I had just seen Schreiber’s younger half-brother Pablo in Dying City and I was beginning to feel as though I were practically part of the family. And who wouldn't want to be part of such an extremely talented family. No one else today dominates a stage the way Liev does. Although there are other actors onstage (and off, giving voice to the callers) Talk Radio has always been primarily a one-man show but Schreiber stood out even in the magnificent ensemble of actors who appeared in the 2005 revival of Glengarry Glen Ross and he won a Tony for it.
In the old days, there were actors like Lynn Fontanne and Alfred Lunt, Helen Hayes and Robert Preston, who did occasional screen work but made their names as stage stars, Broadway stars. The movies and later TV never seemed able to project the full radiance of their performances. Schreiber has worked on both sides of the camera, acting in the remake of the Manchurian Candidate alongside Denzel Washington and Meryl Streep, co-starring in The Painted Veil with Edward Norton and Naomi Watts (with whom Schreiber is now expecting a child), producing and directing the film version of the comic novel Everything is Illuminated and even doing a recent four-part turn on the hit CBS crime series CSI. But he always seems most at home on stage.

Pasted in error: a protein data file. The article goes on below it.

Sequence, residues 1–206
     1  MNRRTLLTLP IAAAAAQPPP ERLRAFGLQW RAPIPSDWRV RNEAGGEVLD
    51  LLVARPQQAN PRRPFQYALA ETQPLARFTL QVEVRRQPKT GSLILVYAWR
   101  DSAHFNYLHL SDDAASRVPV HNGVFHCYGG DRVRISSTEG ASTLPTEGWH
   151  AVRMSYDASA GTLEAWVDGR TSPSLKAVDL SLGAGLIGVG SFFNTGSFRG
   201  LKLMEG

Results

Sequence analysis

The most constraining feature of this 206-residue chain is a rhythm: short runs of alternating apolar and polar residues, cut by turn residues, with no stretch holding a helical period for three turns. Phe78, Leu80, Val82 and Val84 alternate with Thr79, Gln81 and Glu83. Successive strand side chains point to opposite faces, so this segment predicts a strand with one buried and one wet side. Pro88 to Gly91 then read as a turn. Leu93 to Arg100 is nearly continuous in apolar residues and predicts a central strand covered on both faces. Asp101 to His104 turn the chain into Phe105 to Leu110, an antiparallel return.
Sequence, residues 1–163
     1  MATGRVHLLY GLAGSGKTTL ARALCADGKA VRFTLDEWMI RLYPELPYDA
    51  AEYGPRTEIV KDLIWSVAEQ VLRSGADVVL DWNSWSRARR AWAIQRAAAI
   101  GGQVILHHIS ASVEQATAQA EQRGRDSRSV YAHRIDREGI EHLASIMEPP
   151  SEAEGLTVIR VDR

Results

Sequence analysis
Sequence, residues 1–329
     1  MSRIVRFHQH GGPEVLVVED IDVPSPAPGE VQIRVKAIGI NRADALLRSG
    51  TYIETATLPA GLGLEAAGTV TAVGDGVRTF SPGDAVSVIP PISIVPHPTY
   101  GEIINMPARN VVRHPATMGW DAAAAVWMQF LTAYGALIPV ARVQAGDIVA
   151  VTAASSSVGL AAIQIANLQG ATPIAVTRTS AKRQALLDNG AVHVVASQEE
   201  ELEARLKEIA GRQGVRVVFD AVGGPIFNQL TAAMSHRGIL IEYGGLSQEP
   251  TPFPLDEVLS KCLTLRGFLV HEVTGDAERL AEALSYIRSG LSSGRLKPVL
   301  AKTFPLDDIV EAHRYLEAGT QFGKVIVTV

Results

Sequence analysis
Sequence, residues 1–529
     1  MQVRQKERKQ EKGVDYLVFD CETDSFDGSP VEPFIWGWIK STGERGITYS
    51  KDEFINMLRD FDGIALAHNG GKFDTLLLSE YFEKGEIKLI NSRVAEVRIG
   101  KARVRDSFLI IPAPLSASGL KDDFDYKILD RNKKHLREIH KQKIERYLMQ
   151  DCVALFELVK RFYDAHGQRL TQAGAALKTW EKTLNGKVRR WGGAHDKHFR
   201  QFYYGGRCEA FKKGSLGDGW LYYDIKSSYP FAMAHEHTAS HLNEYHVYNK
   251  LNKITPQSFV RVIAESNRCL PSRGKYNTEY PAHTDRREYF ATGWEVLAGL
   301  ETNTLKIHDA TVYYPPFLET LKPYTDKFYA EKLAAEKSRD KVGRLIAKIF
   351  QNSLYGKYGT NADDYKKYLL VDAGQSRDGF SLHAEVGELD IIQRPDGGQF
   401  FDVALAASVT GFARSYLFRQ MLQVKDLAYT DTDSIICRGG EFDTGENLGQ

I didn’t like this production of Talk Radio any more than I liked the movie. But watching Schreiber made the evening worthwhile. Like Jennifer Ehle and Brian F. O’Byrne, currently onstage in Tom Stoppard's Coast of Utopia trilogy, Schreiber is a true Broadway star and seeing him in his element is for me always time well spent.
March 16, 2007
There is usually no more enthusiastic member of an audience than my friend Ellie. A one-time actor, she knows what applause, or the lack of it, can do to a performer’s spirit and I’ve seen her give standing ovations, her arms stretching out towards the stage, when she was literally the only one standing. So when Ellie made a few tepid clapping motions at the conclusion of Dying City, I knew something was wrong. Playwright Christopher Shinn packs an Oprah season’s worth of big subjects—homosexuality and infidelity, how insecure we feel after the Sept. 11 attacks and how confused we feel about the war in Iraq, the lingering pain of childhood secrets and the ephemeral comfort of late night TV—into his 90 minute drama. And, at 31, he also has the young writer’s habit of explaining too much in his dialogue. But it was the acting that turned Ellie off. Or rather, one of the play’s two actors, Pablo Schreiber. The two of us had seen and enjoyed his Tony-nominated performance in Lincoln Center’s revival of Awake and Sing! last season but this time he didn’t work for Ellie. She said she didn’t like the way he kept rubbing his nose or how he sprayed his co-star newcomer Rebecca Brooksher with spittle nearly each time he spoke. “Disgusting,” Ellie said. “Absolutely disgusting. I feel so sorry for her.”